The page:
Upon completing the article. We published it, received thanks and the community on the whole confirmed clearer guidance had helped them. We did receive some negative comments but this is the world we live in, everyone has an opinion.. We then contacted several brands. When I say several, I mean the bulk of brands based in the UK selling boards. We will not name the names of who refused or didn’t respond but we can safely say, FatStickSup picked up the mantle immediately. Dale called Andy Warner, co-owner of FatStick, who instantly said he agreed that QR Belts should be a part of the SUP package and free within them. Within days, we had a FatStick prototype belt being tested. Soon after, he had contacted customers to let them know they would retrospectively issue them a belt. How amazing is that? Andy is a legend at the best of times, but this was peak Andy. So hats off to him and Reuben for this.
Ben, from Pandaboard Sports has been doing huge things in the community with QR Belts and making them accessible to all, including other brands for a low cost. It’s a no-brainer. The ‘cost over safety’ discussion isn’t worth the words – it’s a minimal cost to the manufacturers. We have tested his belt and can confirm it is an excellent budget belt.
Hosted by MP Alex Chalk, with attendance from the likes of RNLI, RLSS, UK Harbour Masters Association, Water Skills Academy, British Canoeing, various brands / companies including FatStick, Red Paddle Co, Active 360 London, Pandaboard Sports, Sealion Boards, Sandbanks amongst many others! We met in a Chamber, and the speeches followed. MP Alex Chalk spoke well on the matter, and it was clear to see he had a connection with Sam and Simons story and the incident. Lee Heard from the RLSS then spoke and commented “It was a monumental event to consider how a collaboration of organisations can continue to support the growth of Stand Up Paddleboarding whilst ensuring that safety is first and foremost”. This was followed by a short outline of paddleboarding by John Hibbard, Red Paddles’ own QR belt, and their P.L.O.T campaign.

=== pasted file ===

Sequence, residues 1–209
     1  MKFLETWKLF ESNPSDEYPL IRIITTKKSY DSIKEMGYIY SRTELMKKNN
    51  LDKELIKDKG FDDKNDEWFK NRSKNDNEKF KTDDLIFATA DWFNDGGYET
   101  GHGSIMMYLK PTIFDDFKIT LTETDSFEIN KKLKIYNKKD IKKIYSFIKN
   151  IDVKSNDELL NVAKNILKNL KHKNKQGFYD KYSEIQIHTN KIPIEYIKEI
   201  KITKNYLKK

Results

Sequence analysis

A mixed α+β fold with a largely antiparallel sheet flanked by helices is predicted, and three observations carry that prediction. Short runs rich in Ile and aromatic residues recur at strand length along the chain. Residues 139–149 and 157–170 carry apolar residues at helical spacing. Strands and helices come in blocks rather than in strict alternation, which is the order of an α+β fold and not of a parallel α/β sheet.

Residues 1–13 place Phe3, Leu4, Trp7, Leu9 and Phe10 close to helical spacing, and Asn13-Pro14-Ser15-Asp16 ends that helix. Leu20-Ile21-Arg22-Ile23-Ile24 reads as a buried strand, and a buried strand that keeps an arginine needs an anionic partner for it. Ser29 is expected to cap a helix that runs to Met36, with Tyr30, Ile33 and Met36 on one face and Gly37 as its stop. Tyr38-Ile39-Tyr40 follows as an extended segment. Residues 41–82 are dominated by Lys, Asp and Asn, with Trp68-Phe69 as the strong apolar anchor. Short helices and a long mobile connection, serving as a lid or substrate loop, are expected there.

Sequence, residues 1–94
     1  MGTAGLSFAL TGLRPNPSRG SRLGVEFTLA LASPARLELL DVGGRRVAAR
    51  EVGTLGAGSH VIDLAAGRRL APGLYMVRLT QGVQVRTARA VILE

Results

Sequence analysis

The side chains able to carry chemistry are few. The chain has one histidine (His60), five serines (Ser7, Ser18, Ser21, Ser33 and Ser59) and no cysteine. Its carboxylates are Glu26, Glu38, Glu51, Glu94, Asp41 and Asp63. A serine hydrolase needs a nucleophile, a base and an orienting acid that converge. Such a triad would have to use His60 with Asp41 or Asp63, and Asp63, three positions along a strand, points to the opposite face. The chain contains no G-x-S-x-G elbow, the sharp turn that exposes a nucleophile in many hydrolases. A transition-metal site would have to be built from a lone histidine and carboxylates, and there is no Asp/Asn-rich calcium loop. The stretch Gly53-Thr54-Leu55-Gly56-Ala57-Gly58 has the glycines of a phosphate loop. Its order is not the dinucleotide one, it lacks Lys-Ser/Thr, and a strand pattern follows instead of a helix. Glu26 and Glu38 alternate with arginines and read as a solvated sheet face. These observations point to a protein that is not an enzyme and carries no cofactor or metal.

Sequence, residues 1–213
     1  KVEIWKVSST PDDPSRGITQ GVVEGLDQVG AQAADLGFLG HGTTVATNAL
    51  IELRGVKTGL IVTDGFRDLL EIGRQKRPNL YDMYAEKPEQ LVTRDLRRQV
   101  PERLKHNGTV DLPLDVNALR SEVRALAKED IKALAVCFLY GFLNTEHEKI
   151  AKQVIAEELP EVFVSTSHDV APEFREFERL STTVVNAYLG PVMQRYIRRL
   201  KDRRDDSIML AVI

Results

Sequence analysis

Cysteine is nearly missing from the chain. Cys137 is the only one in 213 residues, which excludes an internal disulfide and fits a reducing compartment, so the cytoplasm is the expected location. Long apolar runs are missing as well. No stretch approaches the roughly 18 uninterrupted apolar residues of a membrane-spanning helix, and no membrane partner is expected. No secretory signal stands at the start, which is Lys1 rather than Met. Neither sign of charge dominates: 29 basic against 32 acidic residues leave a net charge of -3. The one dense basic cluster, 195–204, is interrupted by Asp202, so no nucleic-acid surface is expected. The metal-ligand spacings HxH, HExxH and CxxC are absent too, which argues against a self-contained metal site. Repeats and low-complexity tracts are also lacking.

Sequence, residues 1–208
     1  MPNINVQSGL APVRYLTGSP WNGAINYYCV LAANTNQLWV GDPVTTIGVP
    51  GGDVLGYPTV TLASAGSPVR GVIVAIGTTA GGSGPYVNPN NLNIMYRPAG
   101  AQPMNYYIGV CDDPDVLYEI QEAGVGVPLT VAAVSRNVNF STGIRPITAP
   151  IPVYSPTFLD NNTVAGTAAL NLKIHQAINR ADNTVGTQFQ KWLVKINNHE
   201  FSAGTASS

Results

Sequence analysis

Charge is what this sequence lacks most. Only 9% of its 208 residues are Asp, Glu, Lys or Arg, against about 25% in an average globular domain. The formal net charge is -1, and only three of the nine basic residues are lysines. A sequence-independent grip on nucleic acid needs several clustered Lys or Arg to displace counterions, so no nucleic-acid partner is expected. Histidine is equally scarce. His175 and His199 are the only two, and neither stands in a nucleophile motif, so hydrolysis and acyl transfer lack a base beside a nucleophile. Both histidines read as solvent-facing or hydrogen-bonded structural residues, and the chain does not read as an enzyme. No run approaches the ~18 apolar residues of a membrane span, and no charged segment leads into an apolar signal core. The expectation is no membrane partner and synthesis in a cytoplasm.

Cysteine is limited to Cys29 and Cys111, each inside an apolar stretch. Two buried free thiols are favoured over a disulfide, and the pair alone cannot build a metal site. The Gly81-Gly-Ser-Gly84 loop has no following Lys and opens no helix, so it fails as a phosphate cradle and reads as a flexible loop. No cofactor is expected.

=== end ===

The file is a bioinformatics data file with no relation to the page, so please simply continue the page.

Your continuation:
This was followed by discussions between all parties in the room. How to improve, what other companies are doing that they weren’t or maybe doing differently. The general ethos was that within that room was the recipe for change. Several brands on discussion all said the same thing, this is a big day and the time for change is upon us. Comments of incorrect use of QR belts were quickly brushed aside, with the correct education. It is a simple tool that is potentially life-saving.